Bookbinding and the Conservation of Books
A Dictionary of Descriptive Terminology

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ink

A general descriptive term for a fluid or viscous material of various colors, hut most often black or blue-black, that is composed essentially of a pigment or dye in a suitable vehicle and used for printing or writing.

The earliest inks were essentially suspensions of soot (carbon) in a gum. They were very suitable for use with papyrus, which was porous enough to absorb the vehicle and entrap the pigment between the fibers. Under these conditions the writing would be permanent, indelible, and harmless to the papyrus. This type of ink was in common use until the 11th century when IRON-GALL INK began to come into prominence.

The introduction of PARCHMENT as a writing material was probably the reason why an ink other than a carbon-gum solution became necessary. Carbon ink would not adhere to the greasy surface of a material such as parchment, and, in any case, it was too easily removed by sponging. See:PALIMPSEST .

Examination of parchment manuscripts from the 9th to 15th centuries indicate that all were written with iron-gall inks in which no trace of carbon could be found. Carbon inks, however, continued to be used for documents, probably until the advent of the "blue-black" ink period. From these somewhat indefinite beginnings, simple iron-gall inks were the predominant inks until about 1860, when the introduction of aniline dyes brought about radical changes in ink manufacture, stemming largely from the fact that in the case of an ANILINE INK , the need for partial oxidation of the ink no longer existed. i Since then the manufacture of ink has become extremely complicated.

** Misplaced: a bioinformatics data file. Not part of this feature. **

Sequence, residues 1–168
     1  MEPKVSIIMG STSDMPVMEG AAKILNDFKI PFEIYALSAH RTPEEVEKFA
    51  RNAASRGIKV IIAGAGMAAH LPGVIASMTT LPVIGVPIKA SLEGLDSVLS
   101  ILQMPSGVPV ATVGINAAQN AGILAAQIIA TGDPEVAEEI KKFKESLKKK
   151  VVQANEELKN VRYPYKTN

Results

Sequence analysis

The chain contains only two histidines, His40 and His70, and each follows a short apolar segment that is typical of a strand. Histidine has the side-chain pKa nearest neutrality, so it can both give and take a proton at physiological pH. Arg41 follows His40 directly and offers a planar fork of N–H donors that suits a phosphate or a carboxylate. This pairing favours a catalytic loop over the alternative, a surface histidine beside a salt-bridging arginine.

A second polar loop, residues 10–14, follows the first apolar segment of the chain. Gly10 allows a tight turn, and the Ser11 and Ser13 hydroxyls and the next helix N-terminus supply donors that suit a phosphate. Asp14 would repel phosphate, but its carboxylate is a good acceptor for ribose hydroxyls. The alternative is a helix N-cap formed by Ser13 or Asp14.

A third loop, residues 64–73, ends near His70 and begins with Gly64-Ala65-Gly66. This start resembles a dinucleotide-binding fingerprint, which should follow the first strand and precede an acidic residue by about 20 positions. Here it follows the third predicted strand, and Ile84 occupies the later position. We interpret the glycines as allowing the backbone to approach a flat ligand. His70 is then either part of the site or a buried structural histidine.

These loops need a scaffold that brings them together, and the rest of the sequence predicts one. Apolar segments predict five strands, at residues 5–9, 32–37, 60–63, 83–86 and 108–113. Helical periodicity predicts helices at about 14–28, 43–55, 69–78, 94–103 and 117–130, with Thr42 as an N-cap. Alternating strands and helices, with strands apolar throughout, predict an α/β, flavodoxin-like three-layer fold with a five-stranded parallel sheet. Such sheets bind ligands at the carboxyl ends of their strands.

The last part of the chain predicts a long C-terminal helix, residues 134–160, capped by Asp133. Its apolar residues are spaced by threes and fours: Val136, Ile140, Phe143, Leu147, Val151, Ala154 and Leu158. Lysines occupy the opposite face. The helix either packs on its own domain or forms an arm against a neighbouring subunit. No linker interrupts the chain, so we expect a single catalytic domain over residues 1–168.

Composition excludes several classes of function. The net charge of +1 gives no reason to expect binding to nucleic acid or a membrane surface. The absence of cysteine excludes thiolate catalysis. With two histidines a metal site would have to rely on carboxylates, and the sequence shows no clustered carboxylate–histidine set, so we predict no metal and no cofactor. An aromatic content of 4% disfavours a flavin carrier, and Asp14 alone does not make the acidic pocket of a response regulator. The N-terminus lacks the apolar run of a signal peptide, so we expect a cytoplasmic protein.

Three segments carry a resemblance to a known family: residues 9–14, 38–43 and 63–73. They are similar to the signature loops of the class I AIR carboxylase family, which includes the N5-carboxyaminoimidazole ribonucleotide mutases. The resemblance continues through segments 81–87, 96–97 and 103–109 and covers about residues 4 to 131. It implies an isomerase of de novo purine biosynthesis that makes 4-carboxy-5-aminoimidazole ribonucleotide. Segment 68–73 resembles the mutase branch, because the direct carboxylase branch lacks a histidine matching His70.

Most modern inks are manufactured to overcome one or more of the disadvantages inherent in blue-black inks, including their acidity, muddiness, and less than adequate permanence. When considering permanence it is important to distinguish between printing inks and writing inks, because, as prepared today. the former are more permanent than the latter. Writing inks, having a high degree of permanence, can be made to meet special requirements, but such inks are harmful to the fountain pens. In general, the introduction of writing inks colored with an aniline dye has made the typical modern writing ink less permanent than its predecessor of a century earlier. The stability of good quality printing ink, on the other hand, is such that it usually outlasts the paper, and this is as permanent as it need be. See also: CARBONACEOUS INKS ;CARBON INK ;CHINESE INK ;COLORED INKS ;PRINTING INKS ;SEPIA INKS .

(20 , 21 , 143 , 198 )




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